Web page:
Relient K | 03.24.07

The show drew all types of music fans—old hippie throwbacks, teen girls clad in their cutest Hollister miniskirts waiting for Matt Thiessen's marriage proposal, hardcore teenage guys straight from the set of Wayne's World, and even a hip youth pastor thrown in for good measure.

 

The Pageant, St. Louis

In my mind, there is quite a large difference between a fan and a fanatic. The crowd at the Pageant for Relient K was quickly approaching fanatic. Fans of all ages packed the sold-out show, causing even the balcony to open up to those under 21 to accommodate the concert population. It was the lineup to end all lineups, if you are into mainstreamed-pseudo-Christian rock 'n' roll, sporting the likes of Sherwood, Mae and Relient K. The show drew all types of music fans—old hippie throwbacks, teen girls clad in their cutest Hollister miniskirts waiting for Matt Thiessen's marriage proposal, hardcore teenage guys straight from the set of Wayne's World, and even a hip youth pastor thrown in for good measure. It was going to be an interesting night, especially from my view, in the very pit of the pit, about six feet from center stage. Let the fun begin.

After standing in the pit for close to two hours waiting for the show to start, we kicked off the night with Sherwood. Their set was highly energetic with their very enthusiastic keyboardist, Mike Leibovich, stealing the show. Every beat, the guy was thrashing around, bobbing his head, having a hell of a good time. He would play some keys and then go back to his frantic dancing. Sherwood was musically tight and lyrically deep without getting too soppy or emo. All and all, their set was downright delightful and the perfect way to open the show.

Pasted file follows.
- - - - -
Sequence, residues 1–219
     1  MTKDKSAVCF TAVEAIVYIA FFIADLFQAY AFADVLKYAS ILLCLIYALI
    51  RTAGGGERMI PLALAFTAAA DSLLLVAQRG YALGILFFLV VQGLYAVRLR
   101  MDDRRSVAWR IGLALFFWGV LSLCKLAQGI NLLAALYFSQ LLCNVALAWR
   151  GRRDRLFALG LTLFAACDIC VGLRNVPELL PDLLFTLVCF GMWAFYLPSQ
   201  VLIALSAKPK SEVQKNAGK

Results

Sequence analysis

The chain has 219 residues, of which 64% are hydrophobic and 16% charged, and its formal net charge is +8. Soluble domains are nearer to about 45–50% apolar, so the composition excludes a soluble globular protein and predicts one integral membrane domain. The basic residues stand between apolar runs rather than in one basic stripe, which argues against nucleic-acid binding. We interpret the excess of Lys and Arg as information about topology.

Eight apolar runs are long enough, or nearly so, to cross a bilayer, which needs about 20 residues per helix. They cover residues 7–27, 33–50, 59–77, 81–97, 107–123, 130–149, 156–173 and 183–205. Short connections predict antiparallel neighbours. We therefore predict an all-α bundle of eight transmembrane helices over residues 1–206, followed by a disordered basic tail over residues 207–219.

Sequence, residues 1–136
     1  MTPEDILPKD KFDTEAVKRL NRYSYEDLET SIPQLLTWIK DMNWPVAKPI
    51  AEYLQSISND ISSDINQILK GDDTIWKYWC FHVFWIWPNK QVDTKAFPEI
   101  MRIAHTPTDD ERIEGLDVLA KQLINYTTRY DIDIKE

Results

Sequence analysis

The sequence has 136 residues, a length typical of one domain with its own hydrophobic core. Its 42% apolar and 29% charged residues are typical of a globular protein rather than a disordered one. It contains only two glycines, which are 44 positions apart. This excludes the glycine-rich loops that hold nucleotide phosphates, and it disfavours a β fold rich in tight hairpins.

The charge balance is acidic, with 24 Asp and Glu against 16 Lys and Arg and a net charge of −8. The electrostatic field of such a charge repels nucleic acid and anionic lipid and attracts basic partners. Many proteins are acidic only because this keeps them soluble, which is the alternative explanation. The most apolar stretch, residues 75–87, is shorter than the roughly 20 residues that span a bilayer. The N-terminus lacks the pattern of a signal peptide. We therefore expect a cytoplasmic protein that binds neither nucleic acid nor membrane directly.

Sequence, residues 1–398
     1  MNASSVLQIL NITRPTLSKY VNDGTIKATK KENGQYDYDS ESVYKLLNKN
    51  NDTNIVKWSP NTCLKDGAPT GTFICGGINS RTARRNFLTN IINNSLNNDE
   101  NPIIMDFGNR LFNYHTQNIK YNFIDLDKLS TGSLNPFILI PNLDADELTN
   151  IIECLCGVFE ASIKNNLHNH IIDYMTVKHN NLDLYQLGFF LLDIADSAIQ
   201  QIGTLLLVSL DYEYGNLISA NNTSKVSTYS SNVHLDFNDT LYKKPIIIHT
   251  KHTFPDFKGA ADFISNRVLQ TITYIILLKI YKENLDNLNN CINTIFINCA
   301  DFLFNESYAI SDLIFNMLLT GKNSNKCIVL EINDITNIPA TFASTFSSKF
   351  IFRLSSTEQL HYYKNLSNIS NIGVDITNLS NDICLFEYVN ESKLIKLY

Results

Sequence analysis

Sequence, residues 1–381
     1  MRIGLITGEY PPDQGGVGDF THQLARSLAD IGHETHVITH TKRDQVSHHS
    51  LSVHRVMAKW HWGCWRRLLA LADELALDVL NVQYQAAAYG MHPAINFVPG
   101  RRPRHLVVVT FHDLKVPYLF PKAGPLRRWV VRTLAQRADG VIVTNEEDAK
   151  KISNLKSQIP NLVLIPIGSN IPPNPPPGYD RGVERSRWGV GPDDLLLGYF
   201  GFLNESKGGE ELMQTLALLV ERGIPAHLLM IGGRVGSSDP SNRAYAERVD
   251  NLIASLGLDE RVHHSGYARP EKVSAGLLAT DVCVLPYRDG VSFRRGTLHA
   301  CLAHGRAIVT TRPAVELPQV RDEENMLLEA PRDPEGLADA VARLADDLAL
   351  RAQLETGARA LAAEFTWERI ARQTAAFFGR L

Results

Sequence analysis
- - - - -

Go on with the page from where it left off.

Once Sherwood was finished, after about 20 minutes of humid awkwardness in the middle of the pit with what seemed like 1,000 of my closest friends, Mae finally took the stage. Their set, to be perfectly honest, was quite forgettable. Every song seemed very much the same, a bit monotonous. Granted, I was not exactly paying the utmost attention, since I spent most of their set trying to protect myself from thrashing teenage boys who thought it would be fun to start their own personal mosh pit. "Someone Else's Arms" was an obvious hit with the crowd though, forcing everyone to pay attention. However, their onstage banter pretty much blew. Lead singer Dave Elkins even admitted at one point that he doesn't do that onstage "talking" thing. And while they did hang out near their merch table right after their set, the only Mae member to sign anything after the show was Zach Gehring, the guitarist with the very cool plaid shirt. The rest? Nowhere to be found. Their set was OK, but nothing to be remembered.

And finally, it was the moment we'd all been waiting for: Relient K. They entered the stage with gusto and launched right into their first song, "Who I Am Hates Who I've Been." They were energetic and lively, everything I expected them to be. About half of their set was off of their new album, Five Score and Seven Years Ago, and the other half was more of their well-known tracks from previous albums. Their new album is respectable, but the one thing that it seems to lack are the tongue-in-cheek lyrics for which they are known. Their musicianship is phenomenal, but at times, the lyrics are just too typical. They were songs that could be written by anyone, with maybe the exception of "Faking My Own Suicide," which had Matt Thiessen written all over it. I guess the members of Relient K are growing up, though, and with them, their lyrics. Unfortunately, Relient K and grown-up lyrics is something like seeing your best friend from grade school wearing a business suit. Some things you just can't get used to.

All and all, the concert was enjoyable, but not as good as I had hoped. I'm not sure whether it was the obnoxious crowd, the disheartening reality of "Christian" bands attempting to go mainstream, or the dislocation of seeing one of my favorite bands trying to act all grown up. The real question, though, was whether the problem was theirs or mine. Are they trying to be something they're not, or am I trying to hold onto something that has past? Only time will tell. | Katie Herring

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